Hope some folks find it a useful little app! I know I already do.


CLI tool version complications

I’ve been playing around with different versions of the realm-cli for some documentation projects. That means installing and uninstalling various versions via NPM. I kept getting tripped up on this complication so I’m documenting it here in case other folks find it helpful.

NPM uninstall

Using npm uninstall is simple, right? Just run it with the name of the package you want to uninstall, and maybe pass a few flags like -g if needed, and the package is gone.

So here’s what my command line looked like today:

-> npm uninstall -g realm-cli
-> realm-cli --version
realm-cli version 2.0.0-beta.3

Aaand…. that went on for a while. I kept running various permutations of NPM uninstall from different directories with different flags, and every time I checked the realm-cli --version, I kept seeing it sitting there, taunting me.

I did what any good burgeoning developer would do. I started down a StackOverflow rabbit hole. I got my first good clue when I found this hint:

-> npm list -g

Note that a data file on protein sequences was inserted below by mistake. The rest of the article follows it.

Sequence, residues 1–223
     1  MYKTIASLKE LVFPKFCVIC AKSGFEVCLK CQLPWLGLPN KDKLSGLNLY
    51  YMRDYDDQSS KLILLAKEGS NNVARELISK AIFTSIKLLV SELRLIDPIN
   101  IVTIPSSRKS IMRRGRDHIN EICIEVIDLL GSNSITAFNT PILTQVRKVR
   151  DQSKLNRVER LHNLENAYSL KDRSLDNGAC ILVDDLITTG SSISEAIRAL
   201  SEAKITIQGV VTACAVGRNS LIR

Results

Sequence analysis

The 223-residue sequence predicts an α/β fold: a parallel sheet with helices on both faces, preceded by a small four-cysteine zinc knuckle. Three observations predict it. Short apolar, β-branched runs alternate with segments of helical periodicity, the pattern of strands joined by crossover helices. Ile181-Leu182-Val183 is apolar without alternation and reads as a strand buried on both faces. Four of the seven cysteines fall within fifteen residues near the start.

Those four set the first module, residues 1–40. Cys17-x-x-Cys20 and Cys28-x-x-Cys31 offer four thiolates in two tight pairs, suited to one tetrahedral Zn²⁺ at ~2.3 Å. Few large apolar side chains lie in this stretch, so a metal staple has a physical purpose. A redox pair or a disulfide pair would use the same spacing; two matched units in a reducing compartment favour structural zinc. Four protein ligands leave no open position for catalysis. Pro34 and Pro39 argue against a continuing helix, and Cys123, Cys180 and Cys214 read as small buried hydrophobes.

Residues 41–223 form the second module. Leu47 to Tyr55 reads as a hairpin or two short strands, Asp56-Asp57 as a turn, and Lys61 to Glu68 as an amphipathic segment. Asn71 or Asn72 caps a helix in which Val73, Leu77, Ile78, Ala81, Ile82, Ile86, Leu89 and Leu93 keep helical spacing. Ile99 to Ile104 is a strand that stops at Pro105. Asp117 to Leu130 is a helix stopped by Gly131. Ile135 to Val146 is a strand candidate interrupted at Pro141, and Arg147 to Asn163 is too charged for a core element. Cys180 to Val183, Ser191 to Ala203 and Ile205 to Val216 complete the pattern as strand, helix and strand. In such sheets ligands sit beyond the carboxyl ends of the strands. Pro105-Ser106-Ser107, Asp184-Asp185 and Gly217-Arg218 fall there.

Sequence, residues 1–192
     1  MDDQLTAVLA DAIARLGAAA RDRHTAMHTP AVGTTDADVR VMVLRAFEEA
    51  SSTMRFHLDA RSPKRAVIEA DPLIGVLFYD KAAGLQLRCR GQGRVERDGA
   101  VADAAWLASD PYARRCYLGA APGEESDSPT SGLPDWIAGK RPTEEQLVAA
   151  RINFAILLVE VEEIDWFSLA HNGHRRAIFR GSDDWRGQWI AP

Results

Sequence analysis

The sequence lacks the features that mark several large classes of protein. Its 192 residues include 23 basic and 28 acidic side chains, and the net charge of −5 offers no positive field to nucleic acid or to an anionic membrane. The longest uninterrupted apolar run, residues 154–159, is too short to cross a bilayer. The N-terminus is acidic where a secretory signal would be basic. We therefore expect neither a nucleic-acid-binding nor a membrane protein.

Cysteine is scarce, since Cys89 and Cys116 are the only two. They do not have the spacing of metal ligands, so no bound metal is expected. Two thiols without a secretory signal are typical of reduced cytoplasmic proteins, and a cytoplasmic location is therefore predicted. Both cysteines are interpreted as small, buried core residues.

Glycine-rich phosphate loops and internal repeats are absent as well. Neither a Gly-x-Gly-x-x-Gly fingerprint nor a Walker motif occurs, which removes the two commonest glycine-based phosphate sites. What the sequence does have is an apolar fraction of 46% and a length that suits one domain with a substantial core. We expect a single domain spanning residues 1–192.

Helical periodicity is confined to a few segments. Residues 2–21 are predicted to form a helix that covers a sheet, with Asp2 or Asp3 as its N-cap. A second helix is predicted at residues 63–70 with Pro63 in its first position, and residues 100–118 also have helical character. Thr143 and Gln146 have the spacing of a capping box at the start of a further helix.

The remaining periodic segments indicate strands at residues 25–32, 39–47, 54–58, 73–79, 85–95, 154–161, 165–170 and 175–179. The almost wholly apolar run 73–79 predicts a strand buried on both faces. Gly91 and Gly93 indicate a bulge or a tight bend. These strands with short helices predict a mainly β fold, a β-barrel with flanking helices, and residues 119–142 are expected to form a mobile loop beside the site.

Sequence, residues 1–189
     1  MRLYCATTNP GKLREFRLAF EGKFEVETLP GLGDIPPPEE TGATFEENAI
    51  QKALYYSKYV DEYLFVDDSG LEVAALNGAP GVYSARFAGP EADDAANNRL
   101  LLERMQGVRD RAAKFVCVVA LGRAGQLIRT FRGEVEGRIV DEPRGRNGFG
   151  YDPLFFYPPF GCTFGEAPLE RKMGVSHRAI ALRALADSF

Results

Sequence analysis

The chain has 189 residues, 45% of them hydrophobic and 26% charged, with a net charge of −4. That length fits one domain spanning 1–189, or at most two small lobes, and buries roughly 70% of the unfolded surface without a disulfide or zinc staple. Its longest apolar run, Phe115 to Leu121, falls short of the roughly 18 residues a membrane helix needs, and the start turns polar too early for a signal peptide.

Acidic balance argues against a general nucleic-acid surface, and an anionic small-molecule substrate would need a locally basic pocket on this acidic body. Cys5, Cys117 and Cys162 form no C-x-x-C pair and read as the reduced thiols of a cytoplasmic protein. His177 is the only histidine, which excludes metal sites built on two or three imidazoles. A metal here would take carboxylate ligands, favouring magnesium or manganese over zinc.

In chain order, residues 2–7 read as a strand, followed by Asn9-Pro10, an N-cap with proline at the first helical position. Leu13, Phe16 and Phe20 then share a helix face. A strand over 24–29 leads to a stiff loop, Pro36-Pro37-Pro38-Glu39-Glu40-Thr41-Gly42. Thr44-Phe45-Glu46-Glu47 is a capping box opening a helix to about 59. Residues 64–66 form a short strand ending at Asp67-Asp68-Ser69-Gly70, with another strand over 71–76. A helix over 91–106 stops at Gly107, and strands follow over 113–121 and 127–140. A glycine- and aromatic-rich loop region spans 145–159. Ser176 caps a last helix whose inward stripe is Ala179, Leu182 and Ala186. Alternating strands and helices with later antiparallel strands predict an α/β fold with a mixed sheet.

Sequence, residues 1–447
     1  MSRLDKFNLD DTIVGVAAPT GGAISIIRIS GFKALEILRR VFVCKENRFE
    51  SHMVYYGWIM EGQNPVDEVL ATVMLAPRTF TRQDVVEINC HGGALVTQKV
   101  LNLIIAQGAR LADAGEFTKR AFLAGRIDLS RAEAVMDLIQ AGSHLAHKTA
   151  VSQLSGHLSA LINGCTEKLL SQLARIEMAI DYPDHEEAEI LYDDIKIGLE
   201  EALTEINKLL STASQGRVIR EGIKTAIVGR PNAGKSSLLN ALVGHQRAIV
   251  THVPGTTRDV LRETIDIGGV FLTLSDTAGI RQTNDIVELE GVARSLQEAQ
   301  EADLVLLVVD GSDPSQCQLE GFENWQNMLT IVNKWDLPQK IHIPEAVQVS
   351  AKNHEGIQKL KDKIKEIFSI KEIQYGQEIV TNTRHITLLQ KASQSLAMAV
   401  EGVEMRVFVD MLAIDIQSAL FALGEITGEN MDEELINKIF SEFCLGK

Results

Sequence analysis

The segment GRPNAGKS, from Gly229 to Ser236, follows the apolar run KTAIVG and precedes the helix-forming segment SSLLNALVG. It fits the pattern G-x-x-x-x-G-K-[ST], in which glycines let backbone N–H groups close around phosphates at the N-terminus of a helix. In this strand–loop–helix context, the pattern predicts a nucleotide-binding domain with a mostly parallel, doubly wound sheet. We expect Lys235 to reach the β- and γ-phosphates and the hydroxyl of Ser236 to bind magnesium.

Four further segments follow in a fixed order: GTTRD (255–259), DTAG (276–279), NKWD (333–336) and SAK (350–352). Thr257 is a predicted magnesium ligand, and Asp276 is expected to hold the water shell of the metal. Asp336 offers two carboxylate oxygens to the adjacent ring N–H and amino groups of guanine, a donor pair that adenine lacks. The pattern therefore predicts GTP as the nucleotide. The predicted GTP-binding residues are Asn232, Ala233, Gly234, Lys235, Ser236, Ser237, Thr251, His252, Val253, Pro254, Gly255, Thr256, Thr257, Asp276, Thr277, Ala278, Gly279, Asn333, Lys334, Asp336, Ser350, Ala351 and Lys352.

Aha! This tells me which global libraries are installed and where they’re located. I’ve got four of them, and they’re at /usr/local/lib:


Now the astute among you will probably spot the problem pretty much immediately. I went a bit further before I figured it out.

I popped into /usr/local/lib. Didn’t see my realm-cli there, but I did see node_modules, so I figured that was where I needed to be. Changed directory into there, did a little ls, and Bob’s your uncle:

bluehawk m mongodb-realm-cli npm

Oh… wait a minute. I’ve been doing all kinds of permutations of npm uninstall realm-cli. But the name of the thing I’m trying to uninstall is mongodb-realm-cli. Even though the tool is all realm-cli this and realm-cli that, the name of the thing is actually mongodb-realm-cli.